Wednesday, February 23, 2011

My Non-Verbal Genius

So lets say you are off work and you have a meeting around 1:15 at your house with a speech pathologist to evaluate your perfect child. And lets say that Wednesday is typically the day you do cleaning, so the house needs a little work. In this situation, the correct thing to do is get up and get the work done. Definitely don't watch an entire episode of Glee first. Just go on and get to cleaning and taking care of the child. If you do decide to watch Glee, once it's over turn off the TV. DO NOT turn on The Biggest Loser to have on in the background while you work. Because the next thing you know the house is half picked up and you will see it is 11:45 and you still need to run the vacuum and make the child lunch so he isn't starving at his evaluation. But you might be sucked in at this point. So you sit down for JUST A SECOND to watch the weigh in (spoiler alert), and see the parents have thrown the competition to save their children, and you will BURST into tears because the parent love is just too much to handle, and right at that moment, RIGHT THEN the speech pathologist will call and say she had a cancellation and wants to come on over. At 11:45. And you have to be all like, "What? Oh, of COURSE you can come on over! But I was about to feed him lunch, can you give me 30 minutes?" and she will say, "Oh, I wanted to see how he ate anyway, is it okay if I come on over. I am a mile away" and you will say, "Of course!" because you know if you say "No lady! You can't come yet! I am crying over Biggest Loser and still have to pick up toys and run the vacuum!" She will write down in her report that you are avoiding visitors and it must mean you are a meth house. So you run around LIKE A MAD WOMAN tossing everything in closets and search for the healthiest lunch you can feed your child, because the food you have will define if you are a good parent. But it has to be stuff he will eat, because there is no good reason to throw 12 vegetables on his plate if the evaluator is just going to watch him feed them to the dog. So...the pressure.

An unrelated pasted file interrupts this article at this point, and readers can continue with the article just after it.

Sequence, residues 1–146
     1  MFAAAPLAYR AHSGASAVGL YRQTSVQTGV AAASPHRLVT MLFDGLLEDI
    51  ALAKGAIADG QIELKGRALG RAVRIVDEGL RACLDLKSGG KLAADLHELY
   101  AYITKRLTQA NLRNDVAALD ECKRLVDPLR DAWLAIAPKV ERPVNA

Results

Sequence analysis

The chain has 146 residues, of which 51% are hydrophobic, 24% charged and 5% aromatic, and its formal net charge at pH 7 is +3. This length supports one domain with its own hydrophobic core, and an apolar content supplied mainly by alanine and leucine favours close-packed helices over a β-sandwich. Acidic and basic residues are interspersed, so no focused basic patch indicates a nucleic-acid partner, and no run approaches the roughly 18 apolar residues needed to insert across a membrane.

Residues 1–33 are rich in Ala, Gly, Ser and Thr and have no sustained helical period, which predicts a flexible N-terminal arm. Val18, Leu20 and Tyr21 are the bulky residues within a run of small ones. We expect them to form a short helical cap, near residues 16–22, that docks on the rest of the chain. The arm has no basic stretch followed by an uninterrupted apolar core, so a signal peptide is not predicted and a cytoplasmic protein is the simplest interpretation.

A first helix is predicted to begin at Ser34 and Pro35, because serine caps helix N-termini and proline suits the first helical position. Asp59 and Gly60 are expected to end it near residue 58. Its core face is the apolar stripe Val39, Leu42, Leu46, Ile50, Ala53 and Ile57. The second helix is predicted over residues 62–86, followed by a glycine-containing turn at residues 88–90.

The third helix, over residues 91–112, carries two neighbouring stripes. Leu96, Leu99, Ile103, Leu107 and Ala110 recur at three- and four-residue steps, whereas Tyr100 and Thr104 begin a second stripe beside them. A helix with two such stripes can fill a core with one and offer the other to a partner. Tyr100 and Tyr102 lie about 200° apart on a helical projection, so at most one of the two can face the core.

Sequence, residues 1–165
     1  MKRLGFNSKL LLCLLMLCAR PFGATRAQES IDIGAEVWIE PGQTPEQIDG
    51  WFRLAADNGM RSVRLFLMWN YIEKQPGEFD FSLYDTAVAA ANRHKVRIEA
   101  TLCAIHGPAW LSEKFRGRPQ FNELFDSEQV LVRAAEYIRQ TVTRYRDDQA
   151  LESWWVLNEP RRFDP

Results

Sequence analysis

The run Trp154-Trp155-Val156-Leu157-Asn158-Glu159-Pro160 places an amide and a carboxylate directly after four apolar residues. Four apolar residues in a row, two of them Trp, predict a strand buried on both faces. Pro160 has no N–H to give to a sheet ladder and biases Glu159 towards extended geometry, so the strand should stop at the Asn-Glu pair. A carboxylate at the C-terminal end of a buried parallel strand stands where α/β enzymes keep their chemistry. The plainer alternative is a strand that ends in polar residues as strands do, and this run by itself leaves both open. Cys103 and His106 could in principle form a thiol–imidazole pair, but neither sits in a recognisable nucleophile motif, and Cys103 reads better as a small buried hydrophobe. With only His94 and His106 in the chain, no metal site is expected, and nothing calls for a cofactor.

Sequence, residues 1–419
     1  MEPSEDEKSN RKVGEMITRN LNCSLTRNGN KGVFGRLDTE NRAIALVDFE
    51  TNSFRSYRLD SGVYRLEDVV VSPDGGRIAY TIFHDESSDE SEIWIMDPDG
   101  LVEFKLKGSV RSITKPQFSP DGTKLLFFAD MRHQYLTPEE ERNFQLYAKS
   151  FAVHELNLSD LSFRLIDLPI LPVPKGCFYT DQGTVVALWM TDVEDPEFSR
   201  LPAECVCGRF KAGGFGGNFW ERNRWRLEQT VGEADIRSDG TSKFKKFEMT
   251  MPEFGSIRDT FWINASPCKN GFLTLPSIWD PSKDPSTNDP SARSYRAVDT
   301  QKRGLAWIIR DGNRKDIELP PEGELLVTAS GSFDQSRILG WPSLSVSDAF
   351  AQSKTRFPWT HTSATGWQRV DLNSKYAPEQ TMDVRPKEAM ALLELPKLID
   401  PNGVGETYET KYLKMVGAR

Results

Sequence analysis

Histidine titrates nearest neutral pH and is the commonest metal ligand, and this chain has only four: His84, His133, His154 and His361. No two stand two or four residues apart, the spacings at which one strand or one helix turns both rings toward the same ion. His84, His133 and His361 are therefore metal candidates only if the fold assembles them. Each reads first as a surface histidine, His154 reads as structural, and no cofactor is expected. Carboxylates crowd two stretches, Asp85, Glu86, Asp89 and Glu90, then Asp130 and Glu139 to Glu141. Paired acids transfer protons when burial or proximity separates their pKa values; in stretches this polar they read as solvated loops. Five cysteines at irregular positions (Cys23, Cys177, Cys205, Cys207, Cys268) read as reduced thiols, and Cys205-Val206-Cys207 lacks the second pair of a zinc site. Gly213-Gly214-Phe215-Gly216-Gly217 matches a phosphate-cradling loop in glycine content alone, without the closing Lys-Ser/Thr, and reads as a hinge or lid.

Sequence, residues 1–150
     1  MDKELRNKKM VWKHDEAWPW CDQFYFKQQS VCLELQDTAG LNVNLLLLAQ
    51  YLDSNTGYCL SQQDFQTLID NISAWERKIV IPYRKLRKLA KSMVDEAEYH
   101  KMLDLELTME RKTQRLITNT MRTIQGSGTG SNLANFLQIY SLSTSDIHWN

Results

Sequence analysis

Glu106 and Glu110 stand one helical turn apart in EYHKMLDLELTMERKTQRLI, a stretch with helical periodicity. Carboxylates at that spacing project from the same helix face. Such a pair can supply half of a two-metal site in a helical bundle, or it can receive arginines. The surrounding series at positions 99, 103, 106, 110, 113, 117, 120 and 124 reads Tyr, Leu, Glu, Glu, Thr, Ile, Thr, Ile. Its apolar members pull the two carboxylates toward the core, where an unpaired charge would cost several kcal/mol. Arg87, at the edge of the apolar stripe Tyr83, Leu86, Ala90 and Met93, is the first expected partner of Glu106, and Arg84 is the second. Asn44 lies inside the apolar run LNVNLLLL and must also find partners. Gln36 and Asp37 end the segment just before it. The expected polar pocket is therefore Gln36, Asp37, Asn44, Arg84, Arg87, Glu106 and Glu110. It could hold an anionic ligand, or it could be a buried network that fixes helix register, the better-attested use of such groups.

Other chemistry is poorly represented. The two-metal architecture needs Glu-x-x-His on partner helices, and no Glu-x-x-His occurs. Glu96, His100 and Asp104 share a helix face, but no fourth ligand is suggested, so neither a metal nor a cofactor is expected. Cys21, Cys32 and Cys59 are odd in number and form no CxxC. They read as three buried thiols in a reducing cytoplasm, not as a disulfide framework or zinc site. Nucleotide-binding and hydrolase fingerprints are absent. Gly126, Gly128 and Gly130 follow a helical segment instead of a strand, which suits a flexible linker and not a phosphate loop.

What a run on paragraph I just wrote there. I would delete it, but it sorta captures the panic of the morning rather well, so it stays. On to the Evaluation details! Once our lovely evaluator got to the house I calmed down and things went awesome. She came in with a box of toys and Henry was very interested in her (the toys) and did awesome interacting with her. I was really afraid going in to the evaluation that they wouldn't get to see the real Henry, but clearly these people know what they are doing because he took to her like a bee to honey. She first pulled out one of these: And mentally I was like "Yesssss" because Henry has one of those and he is awesome it it. Might as well start out with something strong, right? In about two seconds he put it back together and look at her like "Woman, please. Give me a challenge!"

So next she pulled out a puzzle, and I wasn't as confident. But Henry rocked it and had it together in less than a minute. She was like, "Wow, you must work with a lot of puzzles with him!" and I was like "mental note, but some puzzles"

Anyway, I wont make you listen to each step of the evaluation, but seriously he did great. She tested him on stuff way more advanced that his age because he kept rocking the tests. He can sort colors! Who knew? He just really managed to show her how cleaver he was, which was important to me because I know he doesn't talk, but you all, he is SO SMART. And I didn't wan that to be lost because he is shy and non-verbal. On top of showing his brains, he was so good and polite. Seriously, I was BEAMING with pride. Then he ate lunch and he did awesome with that too. Using his fork, eating two plates of food, not feeding ANYTHING to the dog. A win all around!

So here's what it comes down to. Henry passed the test with flying colors except in the communication category. He uses less than ten works (more like five) and he mainly uses vowel sounds. At this age they like to see 50-100 words and the beginning of sentences, which we are nowhere near. He isn't even close on things like "s" "sh" "f" and "v" which are apparently a category. But he understands. He understands EVERYTHING. And he has his own way of communicating, which he did lots with her. So we don't know what he qualifies for. She said usually she can tell right away, but for Henry she will have to run the numbers because basically he is boarder line. We find out in a day or two if he will need a speech therapist once a week or if they think this isn't an issue that will cause any real delays. But she did seem to think he was very smart, and that with their assistance or without, this will not be something that holds him back. He just isn't talking yet. And that's really okay. Which was great for this mama to hear.